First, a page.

NEW DELHI — On May 13, 2012, Kaamini Solanki woke up feeling ill. Her husband felt her forehead, which was so hot they decided to see her gynecologist right away.
Kaamini, a pretty, plump-faced schoolteacher from Delhi, was two months into her second pregnancy. The couple wasn’t going to take any chances.
The gynecologist referred them to a nearby hospital, where they arrived in the morning and remained until evening. Meanwhile, Kaamini was fading. Around 8 p.m. she started to cry, saying she was in pain and complaining to her husband, Dheeraj, about the hospital’s physician.
A few hours later, she was dead.
Kaamini had developed septicemia, a blood infection that is usually fatal if not promptly diagnosed and treated. But as Dheeraj now sees it, that wasn’t the real cause of her death.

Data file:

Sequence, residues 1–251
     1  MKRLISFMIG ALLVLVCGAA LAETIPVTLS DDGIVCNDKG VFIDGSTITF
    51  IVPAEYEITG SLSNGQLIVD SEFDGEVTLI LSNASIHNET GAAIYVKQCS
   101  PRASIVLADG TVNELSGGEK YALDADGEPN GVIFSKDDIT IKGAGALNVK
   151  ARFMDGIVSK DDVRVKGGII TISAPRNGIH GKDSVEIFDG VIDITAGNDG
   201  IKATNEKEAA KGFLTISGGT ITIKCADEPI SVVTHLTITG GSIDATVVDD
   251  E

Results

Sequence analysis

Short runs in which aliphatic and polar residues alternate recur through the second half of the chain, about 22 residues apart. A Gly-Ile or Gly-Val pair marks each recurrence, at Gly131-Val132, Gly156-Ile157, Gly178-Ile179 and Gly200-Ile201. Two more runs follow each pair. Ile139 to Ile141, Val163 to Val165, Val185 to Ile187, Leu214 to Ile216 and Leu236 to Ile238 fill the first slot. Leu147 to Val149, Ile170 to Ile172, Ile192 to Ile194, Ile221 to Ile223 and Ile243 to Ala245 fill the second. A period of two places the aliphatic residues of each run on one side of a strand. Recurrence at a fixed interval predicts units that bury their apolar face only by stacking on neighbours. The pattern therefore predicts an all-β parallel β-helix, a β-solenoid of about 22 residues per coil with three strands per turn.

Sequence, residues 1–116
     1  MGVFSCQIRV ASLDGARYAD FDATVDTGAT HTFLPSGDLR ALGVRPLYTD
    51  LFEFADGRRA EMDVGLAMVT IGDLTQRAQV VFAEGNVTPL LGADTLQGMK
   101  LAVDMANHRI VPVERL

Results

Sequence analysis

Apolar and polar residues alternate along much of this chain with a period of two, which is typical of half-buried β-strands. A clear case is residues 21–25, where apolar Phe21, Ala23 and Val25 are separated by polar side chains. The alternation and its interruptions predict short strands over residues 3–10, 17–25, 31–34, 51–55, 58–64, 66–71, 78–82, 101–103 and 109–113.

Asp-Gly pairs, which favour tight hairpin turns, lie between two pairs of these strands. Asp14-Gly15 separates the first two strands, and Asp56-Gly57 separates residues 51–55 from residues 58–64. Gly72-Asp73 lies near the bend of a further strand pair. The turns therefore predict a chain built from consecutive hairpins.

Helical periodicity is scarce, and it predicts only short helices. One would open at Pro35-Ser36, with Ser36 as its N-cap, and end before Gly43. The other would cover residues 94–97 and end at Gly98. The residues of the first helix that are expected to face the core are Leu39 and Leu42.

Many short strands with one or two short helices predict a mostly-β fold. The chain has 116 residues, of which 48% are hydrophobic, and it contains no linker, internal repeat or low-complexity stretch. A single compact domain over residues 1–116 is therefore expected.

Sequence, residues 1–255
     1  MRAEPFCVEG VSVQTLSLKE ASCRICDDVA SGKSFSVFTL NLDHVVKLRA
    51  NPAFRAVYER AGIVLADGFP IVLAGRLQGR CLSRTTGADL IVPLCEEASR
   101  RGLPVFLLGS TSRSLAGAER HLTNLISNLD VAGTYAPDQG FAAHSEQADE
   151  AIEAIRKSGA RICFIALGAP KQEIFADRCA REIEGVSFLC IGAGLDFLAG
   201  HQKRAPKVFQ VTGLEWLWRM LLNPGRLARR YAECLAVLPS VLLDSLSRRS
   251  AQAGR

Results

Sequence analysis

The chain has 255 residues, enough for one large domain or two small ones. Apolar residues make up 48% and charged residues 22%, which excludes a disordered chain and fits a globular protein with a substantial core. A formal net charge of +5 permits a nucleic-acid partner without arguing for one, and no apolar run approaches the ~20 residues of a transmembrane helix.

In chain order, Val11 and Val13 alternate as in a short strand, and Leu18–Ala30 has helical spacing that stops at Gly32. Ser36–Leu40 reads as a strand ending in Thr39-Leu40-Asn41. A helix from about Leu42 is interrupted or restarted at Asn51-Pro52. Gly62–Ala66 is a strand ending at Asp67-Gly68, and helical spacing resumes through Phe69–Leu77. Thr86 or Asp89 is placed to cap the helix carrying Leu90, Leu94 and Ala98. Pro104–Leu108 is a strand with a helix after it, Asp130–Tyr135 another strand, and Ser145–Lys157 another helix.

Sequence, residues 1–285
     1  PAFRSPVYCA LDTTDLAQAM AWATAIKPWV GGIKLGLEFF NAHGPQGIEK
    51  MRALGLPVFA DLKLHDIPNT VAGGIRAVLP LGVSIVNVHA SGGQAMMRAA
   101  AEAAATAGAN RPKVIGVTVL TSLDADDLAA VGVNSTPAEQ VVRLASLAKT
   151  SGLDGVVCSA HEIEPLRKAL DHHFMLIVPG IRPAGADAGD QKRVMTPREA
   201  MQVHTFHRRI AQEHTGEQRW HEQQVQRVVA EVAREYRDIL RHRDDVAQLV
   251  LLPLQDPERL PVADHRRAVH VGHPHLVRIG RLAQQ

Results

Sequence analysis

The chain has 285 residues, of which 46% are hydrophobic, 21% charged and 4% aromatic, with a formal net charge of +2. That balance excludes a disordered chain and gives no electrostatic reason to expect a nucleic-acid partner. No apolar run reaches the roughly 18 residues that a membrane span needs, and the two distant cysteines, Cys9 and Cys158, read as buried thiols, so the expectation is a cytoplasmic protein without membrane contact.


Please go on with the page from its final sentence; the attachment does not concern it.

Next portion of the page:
After filing a case against the doctors he had trusted with her care, he received some shocking news: The gynecologist had only a bachelor’s degree in medicine. And the hospital’s doctor was a fraud, with no medical training at all.
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